exposed within the breaking area. Sediment samples from the dune, berm, and foreshore were taken at R-1, R-5, R-12, R-15, and R-23. The samples at R-1, R-12, and R-23 were analyzed to determine the mean diameter, as shown in Table 1.
Table 1. Mean grain sizes (mm)
DUNE BERM FORESHORE
R-1 0.316 0.636 0.361
R-12 0.433 0.490 0.367
R-23 0.468 0.460 0.574
3.2 Shoreline Changes
The public judges the success of a beach nourishment project based on the amount of additional dry beach area. An analysis of the shoreline position changes within the project area provides a good basis for determining whether a project will be perceived as a success or failure. The shoreline changes from pre-nourishment conditions along the project area are presented in Figure 9. The average shoreline changes within the project area for June 1996, immediate post-nourishment, is 96.5 ft. This can be compared to the average shoreline change within the project area for December 1999, which is 35 ft. This is a loss of almost 65% of the 2,152,309 ft' of plan area that was added within the project area. Figure 10 shows a graph of the percent plan area remaining within the project area verses time. The graph also shows the DNRBS (Dean and Grant 1989) predicted plan area remaining, which is discussed in Chapter 4. The percentage of plan area remaining one year post-nourishment is only 47%. The remaining years hover around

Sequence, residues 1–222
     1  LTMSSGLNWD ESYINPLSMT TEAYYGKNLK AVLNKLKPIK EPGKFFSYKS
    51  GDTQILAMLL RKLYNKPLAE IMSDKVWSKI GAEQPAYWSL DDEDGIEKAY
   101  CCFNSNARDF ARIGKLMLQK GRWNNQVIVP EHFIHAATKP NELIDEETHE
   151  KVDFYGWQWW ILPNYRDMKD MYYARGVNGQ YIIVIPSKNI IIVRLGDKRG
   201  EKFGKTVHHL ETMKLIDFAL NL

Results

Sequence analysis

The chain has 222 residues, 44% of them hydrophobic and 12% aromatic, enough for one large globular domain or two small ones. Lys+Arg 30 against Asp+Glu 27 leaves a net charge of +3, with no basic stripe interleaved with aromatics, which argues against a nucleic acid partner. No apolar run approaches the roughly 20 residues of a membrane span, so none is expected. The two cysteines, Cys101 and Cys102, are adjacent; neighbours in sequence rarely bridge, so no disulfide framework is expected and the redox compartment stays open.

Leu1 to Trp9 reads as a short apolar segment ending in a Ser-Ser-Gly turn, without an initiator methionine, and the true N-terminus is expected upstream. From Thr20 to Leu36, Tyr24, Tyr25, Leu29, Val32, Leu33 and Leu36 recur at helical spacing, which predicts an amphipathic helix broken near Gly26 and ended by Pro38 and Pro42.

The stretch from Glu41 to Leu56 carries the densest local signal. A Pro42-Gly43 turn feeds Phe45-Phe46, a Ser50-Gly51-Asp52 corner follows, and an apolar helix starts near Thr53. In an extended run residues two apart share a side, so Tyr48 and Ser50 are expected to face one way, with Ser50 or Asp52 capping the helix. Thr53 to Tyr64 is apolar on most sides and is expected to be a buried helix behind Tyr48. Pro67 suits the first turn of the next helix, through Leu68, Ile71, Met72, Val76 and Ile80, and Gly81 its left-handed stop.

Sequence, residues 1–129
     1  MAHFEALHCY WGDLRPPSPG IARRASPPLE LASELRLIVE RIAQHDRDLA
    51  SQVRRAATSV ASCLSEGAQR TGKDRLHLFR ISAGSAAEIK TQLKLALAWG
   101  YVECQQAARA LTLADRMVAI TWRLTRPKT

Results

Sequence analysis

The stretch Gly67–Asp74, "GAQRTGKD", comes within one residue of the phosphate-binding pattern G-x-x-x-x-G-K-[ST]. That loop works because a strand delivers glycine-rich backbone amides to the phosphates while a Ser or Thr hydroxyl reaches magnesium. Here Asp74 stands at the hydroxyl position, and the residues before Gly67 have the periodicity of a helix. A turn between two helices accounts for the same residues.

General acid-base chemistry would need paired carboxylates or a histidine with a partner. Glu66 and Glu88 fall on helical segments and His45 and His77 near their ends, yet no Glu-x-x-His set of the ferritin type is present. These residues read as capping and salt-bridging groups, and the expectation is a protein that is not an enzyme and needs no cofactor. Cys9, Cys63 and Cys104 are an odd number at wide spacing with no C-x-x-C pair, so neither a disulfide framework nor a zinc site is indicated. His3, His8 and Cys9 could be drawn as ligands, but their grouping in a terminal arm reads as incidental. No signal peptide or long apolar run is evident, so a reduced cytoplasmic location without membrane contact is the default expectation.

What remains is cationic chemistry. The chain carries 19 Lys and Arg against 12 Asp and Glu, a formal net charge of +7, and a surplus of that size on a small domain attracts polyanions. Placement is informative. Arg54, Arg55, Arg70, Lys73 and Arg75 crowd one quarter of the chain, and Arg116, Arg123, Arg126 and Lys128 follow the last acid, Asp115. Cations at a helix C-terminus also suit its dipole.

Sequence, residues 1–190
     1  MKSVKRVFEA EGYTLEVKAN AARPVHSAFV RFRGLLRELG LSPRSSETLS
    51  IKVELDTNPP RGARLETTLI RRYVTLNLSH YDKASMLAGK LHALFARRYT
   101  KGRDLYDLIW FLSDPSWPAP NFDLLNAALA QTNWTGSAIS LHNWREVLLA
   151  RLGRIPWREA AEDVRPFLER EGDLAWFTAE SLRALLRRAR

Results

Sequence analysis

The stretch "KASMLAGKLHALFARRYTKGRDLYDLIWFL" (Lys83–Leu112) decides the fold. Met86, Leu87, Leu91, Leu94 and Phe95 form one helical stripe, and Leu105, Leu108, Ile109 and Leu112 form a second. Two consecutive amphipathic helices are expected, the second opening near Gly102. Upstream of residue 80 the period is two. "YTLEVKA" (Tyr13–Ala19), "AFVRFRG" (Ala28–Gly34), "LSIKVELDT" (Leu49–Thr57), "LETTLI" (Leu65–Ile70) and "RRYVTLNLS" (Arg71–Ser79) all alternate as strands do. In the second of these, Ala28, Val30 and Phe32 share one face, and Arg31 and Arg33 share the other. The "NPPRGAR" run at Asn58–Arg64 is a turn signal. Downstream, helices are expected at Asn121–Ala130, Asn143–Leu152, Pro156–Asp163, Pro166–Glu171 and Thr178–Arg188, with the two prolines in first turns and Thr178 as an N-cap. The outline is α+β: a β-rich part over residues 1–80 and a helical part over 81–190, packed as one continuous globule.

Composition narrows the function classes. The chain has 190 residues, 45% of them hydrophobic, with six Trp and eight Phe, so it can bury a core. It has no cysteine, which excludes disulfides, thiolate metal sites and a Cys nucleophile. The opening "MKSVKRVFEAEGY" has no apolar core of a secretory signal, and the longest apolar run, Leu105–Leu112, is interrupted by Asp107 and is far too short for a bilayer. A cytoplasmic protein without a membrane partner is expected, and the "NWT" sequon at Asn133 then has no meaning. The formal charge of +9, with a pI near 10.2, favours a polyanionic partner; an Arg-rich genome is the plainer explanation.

Figure 9. Shoreline position change from November 1995

S50

-- Jun96
-- May_97